Reprinted by permission from the January 2, 2000 New York Times; revised for this Web site, including a new title.


Simulating Mr. Bach's Sunday Morning Service

Bernard D. Sherman is the author of "Inside Early Music: Conversations With Performers."

UPDATE, 2013: People really liked this when I published it, but I see one obvious weakness. Nowhere do I talk about the experience of just listening to the CDs. I listened again a few months ago, and I have to say, it's special. The actual Bach playing please me far more than do McCreeshs's driven St. Matthew and Magnificat recordings - these are truly lovely performances. And the "reconstruction" does have a sort of golden glow that - as noted below - surely means something way different to me than it did to Bach and his audience, but what do you expect? Anyway, I yield the floor to my earlier self:

Bach devotees fantasize about taking a time machine to a certain 18th-century church, to hear the cantor himself lead his music. A new recording from Deutsche Grammophon tries to simulate what they would be after. Titled "J. S. Bach: Epiphany Mass," and featuring Paul McCreesh and the Gabrieli Consort and Players, it is a "liturgical reconstruction": a performance that tries to put sacred pieces into something like their original church context.

In this case, the original setting was an orthodox Lutheran service, consisting of four hours of readings, prayers, sermons and singing - and a cantata or two. Mr. McCreesh, aided by the liturgical scholar Robin A. Leaver, tries to create an aural facsimile of what he says "might have been celebrated" in Bach's church in Leipzig, the Thomaskirche, on the feast of the Epiphany, January 6 circa 1740.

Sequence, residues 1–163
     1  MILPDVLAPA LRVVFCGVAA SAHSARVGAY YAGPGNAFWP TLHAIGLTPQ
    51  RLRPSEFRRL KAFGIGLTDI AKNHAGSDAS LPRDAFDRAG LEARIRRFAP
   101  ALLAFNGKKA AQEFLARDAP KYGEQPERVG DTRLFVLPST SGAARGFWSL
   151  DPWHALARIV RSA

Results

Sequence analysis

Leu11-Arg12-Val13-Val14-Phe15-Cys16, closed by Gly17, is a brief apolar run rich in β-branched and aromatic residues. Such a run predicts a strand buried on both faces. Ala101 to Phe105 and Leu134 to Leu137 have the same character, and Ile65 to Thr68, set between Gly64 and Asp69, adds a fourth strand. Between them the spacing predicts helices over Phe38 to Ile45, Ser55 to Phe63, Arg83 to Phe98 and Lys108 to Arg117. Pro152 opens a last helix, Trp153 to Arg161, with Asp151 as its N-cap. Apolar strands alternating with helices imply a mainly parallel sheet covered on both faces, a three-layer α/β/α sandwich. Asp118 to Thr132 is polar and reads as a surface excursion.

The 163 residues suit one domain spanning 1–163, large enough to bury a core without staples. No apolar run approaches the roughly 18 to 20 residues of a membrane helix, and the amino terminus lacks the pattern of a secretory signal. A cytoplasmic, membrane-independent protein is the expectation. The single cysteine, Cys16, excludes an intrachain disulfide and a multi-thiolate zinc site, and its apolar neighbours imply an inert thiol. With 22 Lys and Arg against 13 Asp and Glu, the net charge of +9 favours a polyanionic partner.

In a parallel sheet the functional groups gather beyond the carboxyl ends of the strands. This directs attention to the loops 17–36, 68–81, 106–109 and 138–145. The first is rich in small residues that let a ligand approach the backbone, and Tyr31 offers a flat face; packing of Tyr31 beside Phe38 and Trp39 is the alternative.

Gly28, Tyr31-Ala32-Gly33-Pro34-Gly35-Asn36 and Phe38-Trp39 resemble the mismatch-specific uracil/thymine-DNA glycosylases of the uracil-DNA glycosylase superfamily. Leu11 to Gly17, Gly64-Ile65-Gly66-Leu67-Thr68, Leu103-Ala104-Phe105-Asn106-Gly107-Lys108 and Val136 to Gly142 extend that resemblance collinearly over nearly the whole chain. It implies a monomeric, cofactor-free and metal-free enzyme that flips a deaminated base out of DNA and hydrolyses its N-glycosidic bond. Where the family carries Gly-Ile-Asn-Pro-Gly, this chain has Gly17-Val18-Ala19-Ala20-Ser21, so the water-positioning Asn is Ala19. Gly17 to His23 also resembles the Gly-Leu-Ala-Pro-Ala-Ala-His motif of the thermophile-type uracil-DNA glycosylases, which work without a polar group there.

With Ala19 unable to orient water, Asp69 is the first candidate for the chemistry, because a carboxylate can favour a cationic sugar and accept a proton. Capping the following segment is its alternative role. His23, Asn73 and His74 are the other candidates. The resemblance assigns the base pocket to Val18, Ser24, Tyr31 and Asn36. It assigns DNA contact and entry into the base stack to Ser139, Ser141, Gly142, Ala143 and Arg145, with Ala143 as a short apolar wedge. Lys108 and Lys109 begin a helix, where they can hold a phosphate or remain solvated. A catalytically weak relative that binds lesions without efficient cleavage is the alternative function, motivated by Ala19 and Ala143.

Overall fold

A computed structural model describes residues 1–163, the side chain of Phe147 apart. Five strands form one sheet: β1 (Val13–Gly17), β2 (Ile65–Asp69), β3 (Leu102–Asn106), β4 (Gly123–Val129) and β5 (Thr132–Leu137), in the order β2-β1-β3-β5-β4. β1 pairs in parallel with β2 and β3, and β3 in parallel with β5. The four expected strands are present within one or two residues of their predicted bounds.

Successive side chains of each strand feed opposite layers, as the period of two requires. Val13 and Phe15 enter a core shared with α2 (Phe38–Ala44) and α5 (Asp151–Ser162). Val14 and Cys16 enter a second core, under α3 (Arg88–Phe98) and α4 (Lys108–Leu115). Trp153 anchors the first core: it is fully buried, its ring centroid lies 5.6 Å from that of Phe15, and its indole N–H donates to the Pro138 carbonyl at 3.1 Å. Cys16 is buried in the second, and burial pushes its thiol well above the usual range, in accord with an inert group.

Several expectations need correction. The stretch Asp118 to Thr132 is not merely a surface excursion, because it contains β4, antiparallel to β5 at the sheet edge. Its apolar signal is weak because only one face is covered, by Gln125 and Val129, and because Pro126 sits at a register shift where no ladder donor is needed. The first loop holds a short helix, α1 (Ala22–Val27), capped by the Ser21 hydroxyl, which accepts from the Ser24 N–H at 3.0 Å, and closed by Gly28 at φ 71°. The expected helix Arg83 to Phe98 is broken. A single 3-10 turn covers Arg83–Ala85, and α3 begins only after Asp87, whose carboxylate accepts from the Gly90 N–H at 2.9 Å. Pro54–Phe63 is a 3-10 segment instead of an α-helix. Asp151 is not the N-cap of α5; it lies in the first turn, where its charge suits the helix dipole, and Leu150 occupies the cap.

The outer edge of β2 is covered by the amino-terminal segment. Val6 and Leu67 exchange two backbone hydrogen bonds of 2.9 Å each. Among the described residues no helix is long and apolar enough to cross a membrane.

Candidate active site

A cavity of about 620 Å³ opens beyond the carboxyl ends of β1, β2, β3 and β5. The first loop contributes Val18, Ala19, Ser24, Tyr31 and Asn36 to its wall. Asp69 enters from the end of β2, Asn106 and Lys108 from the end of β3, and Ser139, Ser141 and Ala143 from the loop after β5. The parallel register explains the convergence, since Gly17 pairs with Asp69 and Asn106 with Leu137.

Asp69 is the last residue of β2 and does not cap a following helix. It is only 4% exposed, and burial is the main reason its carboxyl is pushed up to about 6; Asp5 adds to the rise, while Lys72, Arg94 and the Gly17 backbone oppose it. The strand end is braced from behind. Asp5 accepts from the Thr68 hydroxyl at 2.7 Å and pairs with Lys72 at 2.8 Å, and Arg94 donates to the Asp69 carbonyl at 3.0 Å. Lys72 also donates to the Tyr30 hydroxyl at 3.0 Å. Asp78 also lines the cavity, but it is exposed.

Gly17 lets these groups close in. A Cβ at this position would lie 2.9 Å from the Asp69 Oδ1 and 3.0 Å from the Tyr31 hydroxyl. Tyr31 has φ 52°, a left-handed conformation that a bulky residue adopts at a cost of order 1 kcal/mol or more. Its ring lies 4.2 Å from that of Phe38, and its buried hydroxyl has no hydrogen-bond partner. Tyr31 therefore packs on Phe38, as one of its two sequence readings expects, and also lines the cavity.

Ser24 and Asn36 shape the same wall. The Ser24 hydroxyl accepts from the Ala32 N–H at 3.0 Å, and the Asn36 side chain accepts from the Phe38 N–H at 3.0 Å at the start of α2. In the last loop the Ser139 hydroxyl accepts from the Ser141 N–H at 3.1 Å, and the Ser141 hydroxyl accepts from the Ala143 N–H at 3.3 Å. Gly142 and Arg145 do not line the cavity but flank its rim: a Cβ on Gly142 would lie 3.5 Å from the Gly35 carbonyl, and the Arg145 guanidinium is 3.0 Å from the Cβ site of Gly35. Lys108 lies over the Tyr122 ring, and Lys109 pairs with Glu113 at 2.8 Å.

An engraving of the Thomaskirche, Bach's main church in Leipzig

The Bach works included (the Cantatas Nos. 65 and 180, the Mass in F, the Sanctus in D and various organ works) have all been recorded before out of context, and nothing seemed to be missing. That's one reason why many of us look suspiciously at Mr. McCreesh's project, seeing it as a sort of Civil War re-enactment - interesting as history, but not meaningful as art. Still, when applied specifically to the cantatas, a case can be made for his approach. For many years, critics have pointed to features that make the cantatas seem out of place in a concert hall. For one thing, a cantata from Bach's Leipzig period typically has a front-heavy shape. It opens with a substantial chorus, which the composer Donald Tovey compared to a locomotive; that is followed by a "train" of movements for soloists with a caboose of a final chorale. Bach, the argument continues, would have structured the cantatas differently for concert use, maybe building the piece to a climax. As written, the cantatas make more sense in their original setting, like an altarpiece in the church it was designed for.

Then there are the texts. Bach wrote cantatas as he did partly because his job in writing them was to preach. By design, the cantatas function like sermons, interpreting the biblical message of that day in the church year and applying it to the worshiper.

This recording (Archiv 457 631-2; two CD's) shows the process at work. After we listen to a reading of the Bible text of the day, telling the story of the three wise men bearing gifts to the newborn baby, we hear the text sung in the richly colored opening chorus of Cantata No. 65, "Sie Werden aus Saba Alle Kommen" ("From Sheba Will They All Arrive"). Then, in recitatives and arias, we hear a moral message drawn from the Bible text. "Gold of Ophir is too plain," the bass soloist exhorts (in 18th-century German verse). "Away with these empty gifts dug from the earth!/ What Jesus desires is thy heart./ Present it to Jesus, thou Christian throng, as a New Year's gift." Such imagery has made Bach lovers cringe since the early days of the Bach revival in the 19th century; but this recording helps us conceive of a milieu in which such verse seemed urgent. The final chorale seems not a caboose here but - as the Bach scholar Michael Marissen puts it - a prism that focuses the theological message.